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Bill Would Undermine Collective Bargaining and Educator Involvement in Key Decisions

Mandates 50 percent of Teacher Evaluation Based on Standardized Test Scores
A bill introduced this year would roll back key elements of the state's collective bargaining law and force districts to base 50 percent of a teacher's evaluation on standardized test scores.
AB 430, by Assembly Education Committee Co-chair Kristin Olsen (R-Modesto), would eliminate the right of educators to bargain local evaluation systems – undermining the Rhodda Act that Governor Jerry Brown signed into law in 1975.
Under AB 430, educators would have the right only to "meet and confer" on evaluation issues – essentially taking the voice of classroom experts out of key decisions. "Meet and confer" allows employers to ignore their working professionals' input.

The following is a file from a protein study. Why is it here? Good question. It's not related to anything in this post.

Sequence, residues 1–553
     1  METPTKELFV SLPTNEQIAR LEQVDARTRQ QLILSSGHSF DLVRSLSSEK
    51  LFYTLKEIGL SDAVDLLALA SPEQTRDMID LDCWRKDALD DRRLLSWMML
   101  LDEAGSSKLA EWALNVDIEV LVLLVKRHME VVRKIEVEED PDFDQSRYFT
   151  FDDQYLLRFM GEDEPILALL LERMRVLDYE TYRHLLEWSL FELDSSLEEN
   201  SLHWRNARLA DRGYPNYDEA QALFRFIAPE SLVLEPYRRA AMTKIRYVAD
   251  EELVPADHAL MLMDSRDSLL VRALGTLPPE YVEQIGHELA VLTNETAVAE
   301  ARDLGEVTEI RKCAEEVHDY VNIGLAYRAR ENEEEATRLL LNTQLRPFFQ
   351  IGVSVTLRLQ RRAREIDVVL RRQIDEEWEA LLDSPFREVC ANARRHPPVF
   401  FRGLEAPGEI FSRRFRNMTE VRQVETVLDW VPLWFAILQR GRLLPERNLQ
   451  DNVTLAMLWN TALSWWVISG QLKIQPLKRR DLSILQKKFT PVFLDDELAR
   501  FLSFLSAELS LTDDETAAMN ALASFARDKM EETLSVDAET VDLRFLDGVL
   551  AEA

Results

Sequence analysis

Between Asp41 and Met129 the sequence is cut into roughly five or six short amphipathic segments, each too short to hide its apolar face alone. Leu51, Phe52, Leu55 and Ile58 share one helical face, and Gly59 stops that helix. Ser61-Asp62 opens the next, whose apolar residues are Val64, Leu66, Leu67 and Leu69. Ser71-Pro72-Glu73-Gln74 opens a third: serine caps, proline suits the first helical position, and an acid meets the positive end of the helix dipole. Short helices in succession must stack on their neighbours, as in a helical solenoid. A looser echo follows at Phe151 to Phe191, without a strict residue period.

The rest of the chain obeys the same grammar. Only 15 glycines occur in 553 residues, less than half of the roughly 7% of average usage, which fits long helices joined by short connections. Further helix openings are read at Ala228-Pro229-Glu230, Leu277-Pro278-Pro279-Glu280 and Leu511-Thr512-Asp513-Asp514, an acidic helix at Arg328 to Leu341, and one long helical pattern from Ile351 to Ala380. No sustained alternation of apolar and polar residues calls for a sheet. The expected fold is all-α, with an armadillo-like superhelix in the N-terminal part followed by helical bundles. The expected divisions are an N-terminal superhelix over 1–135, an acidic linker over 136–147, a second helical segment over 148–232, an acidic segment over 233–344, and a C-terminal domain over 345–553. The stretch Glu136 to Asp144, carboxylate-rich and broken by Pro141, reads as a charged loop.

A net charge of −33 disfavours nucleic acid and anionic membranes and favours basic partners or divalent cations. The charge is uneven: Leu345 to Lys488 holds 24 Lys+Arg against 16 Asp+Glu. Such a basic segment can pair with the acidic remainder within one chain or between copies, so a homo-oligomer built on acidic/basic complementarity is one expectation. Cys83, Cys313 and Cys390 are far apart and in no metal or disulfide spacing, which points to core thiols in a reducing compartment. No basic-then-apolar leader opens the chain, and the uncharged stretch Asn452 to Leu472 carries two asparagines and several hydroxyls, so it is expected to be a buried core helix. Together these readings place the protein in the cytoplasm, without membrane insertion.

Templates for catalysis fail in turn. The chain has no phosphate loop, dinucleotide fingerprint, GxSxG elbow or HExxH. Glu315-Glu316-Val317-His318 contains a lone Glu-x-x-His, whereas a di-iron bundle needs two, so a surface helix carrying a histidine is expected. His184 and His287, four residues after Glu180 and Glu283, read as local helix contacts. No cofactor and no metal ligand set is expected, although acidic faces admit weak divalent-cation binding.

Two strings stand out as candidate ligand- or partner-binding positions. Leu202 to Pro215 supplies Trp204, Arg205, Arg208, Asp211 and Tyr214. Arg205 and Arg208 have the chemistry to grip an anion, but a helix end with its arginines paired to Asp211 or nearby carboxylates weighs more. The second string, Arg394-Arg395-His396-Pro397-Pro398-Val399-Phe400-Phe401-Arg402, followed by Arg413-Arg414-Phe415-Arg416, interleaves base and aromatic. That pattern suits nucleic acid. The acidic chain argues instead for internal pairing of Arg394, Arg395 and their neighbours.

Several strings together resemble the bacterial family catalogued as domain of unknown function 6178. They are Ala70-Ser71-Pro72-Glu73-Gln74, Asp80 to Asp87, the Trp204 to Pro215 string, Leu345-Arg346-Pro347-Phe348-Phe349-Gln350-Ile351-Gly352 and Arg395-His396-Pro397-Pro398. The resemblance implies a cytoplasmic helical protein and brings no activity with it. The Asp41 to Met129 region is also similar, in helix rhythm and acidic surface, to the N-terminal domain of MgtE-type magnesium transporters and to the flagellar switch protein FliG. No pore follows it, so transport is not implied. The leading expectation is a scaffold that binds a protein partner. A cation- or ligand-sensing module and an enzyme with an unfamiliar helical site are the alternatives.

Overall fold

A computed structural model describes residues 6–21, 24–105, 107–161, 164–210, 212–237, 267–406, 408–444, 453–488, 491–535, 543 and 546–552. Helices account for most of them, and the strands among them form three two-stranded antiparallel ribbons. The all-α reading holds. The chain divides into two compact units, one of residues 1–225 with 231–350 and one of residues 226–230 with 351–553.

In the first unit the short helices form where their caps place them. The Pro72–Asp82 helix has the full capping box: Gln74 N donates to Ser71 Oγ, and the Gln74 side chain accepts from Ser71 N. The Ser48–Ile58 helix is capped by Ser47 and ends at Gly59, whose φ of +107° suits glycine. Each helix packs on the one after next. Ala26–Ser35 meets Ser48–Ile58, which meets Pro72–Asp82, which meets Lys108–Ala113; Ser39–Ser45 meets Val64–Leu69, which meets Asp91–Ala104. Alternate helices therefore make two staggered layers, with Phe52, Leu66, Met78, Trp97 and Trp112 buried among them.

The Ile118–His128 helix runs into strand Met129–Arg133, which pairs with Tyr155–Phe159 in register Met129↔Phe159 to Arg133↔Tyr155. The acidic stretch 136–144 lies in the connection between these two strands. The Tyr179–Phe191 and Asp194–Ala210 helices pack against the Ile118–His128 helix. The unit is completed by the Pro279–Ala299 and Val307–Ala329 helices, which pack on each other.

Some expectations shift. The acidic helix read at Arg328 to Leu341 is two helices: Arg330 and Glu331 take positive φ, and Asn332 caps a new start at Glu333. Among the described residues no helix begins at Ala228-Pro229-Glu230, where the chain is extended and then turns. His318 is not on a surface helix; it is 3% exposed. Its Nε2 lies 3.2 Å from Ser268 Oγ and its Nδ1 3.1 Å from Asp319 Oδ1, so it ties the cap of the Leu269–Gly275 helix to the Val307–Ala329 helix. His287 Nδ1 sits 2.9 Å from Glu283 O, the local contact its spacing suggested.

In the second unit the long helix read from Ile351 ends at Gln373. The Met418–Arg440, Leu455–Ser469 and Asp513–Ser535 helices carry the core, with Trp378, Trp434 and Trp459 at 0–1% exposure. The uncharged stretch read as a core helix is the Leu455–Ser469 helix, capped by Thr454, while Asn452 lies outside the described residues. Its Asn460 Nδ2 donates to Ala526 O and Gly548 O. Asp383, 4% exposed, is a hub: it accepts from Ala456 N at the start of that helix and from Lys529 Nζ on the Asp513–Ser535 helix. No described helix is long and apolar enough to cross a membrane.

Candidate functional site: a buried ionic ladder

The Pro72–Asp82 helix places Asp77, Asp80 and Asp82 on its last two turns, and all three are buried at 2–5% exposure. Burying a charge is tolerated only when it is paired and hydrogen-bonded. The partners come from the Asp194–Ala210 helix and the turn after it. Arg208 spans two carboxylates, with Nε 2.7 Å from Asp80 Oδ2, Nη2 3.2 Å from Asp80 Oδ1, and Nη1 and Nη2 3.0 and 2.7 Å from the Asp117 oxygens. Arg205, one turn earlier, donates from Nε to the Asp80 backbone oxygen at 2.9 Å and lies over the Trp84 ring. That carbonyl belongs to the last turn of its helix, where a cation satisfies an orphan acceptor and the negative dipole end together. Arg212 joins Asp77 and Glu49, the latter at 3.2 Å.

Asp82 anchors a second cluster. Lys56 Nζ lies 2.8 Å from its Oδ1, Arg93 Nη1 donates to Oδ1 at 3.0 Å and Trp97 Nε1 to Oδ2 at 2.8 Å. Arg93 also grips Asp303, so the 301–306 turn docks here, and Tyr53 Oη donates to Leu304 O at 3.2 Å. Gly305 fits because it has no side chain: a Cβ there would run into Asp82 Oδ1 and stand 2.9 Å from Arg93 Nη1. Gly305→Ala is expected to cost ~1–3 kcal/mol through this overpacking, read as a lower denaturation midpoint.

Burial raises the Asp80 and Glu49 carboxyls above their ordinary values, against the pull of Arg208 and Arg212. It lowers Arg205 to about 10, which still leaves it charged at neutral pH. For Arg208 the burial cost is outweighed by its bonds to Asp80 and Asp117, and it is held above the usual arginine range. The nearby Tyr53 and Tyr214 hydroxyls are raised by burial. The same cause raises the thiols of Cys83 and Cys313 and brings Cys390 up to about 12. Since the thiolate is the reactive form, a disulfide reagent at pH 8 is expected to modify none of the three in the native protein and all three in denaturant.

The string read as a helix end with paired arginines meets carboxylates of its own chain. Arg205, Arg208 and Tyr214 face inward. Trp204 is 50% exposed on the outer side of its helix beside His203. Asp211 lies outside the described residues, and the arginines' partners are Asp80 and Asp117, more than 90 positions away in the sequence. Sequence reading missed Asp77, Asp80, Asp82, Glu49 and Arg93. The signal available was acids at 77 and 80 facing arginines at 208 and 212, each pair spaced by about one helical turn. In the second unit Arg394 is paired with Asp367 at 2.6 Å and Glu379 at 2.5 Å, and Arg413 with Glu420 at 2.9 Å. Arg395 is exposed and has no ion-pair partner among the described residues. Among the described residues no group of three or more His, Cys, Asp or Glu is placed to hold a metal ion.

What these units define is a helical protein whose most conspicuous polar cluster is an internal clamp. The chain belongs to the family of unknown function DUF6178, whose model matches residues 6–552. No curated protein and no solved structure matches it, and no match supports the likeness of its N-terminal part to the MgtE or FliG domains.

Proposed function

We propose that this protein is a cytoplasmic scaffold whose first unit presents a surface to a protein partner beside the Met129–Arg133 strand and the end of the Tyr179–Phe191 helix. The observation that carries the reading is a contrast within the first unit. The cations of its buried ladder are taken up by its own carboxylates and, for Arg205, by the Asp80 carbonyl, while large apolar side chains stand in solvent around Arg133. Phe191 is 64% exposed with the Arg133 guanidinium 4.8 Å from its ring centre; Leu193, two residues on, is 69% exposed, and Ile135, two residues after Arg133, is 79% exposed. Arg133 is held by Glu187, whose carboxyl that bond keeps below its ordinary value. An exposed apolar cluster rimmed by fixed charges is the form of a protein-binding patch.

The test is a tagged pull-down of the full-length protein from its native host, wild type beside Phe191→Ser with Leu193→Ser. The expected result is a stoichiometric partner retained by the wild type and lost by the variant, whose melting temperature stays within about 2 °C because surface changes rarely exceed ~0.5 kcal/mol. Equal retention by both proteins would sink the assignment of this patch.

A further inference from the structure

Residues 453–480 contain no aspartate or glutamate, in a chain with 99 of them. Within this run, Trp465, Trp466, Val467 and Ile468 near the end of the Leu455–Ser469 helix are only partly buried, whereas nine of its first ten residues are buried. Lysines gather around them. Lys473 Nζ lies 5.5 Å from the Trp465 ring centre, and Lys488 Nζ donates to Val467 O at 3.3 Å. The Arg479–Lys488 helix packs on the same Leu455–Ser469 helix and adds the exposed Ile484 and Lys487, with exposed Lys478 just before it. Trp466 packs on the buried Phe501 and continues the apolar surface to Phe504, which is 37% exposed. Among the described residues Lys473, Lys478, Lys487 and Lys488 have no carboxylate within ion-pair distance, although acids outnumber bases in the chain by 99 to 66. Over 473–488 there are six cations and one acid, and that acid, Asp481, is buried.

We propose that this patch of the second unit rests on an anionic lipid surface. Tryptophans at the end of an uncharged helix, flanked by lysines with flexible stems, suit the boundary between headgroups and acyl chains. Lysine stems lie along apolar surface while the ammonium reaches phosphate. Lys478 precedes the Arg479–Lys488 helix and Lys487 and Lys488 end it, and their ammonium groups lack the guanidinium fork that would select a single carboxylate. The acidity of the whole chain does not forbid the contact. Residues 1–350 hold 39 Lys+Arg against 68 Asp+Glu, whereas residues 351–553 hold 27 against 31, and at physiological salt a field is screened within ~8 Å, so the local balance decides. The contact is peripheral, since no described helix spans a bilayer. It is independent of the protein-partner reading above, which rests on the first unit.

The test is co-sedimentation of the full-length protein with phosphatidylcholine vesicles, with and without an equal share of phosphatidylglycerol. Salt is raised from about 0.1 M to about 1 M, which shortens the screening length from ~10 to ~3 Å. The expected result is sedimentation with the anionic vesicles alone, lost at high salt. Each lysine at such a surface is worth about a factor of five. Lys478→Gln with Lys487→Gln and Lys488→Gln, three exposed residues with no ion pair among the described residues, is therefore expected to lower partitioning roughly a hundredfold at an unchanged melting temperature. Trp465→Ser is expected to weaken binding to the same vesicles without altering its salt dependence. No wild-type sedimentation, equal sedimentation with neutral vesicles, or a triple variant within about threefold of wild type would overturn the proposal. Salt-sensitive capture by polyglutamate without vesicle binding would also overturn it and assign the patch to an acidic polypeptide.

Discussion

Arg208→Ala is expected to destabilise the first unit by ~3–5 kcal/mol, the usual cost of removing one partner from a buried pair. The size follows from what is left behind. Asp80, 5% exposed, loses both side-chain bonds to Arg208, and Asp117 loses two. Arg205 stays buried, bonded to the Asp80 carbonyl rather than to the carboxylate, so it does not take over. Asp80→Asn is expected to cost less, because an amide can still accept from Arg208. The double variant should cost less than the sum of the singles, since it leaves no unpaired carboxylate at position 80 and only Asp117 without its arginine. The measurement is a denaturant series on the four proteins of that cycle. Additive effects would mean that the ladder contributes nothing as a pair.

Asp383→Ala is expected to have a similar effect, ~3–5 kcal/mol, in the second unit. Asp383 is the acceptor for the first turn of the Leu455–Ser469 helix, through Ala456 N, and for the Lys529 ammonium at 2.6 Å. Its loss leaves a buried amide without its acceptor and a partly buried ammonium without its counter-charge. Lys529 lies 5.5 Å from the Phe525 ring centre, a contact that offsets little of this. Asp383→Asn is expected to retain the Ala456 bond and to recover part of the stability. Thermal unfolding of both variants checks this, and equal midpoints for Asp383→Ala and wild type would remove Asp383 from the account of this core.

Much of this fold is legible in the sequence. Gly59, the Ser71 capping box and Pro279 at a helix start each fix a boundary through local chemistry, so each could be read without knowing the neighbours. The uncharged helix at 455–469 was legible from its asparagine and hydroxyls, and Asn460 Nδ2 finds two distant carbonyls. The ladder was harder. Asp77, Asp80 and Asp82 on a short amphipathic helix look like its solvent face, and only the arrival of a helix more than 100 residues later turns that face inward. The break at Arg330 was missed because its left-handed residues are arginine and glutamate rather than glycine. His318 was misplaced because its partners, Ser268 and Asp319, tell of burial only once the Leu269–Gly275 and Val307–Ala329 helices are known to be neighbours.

In contrast to CTA supported evaluation legislation, which called for multiple measures of teacher effectiveness, and at a time the governor and education experts are pointing out the shortcomings of high stakes testing, AB 430 would require that 50 percent of a teacher's evaluation be based on student standardized test scores. Just as parents know that one test does not define student learning, it equally can't define teacher effectiveness.
Like hundreds of bills, AB 430 was introduced just before the deadline for introducing new legislation. CTA's State Council of Education will review the bill at its April meeting.

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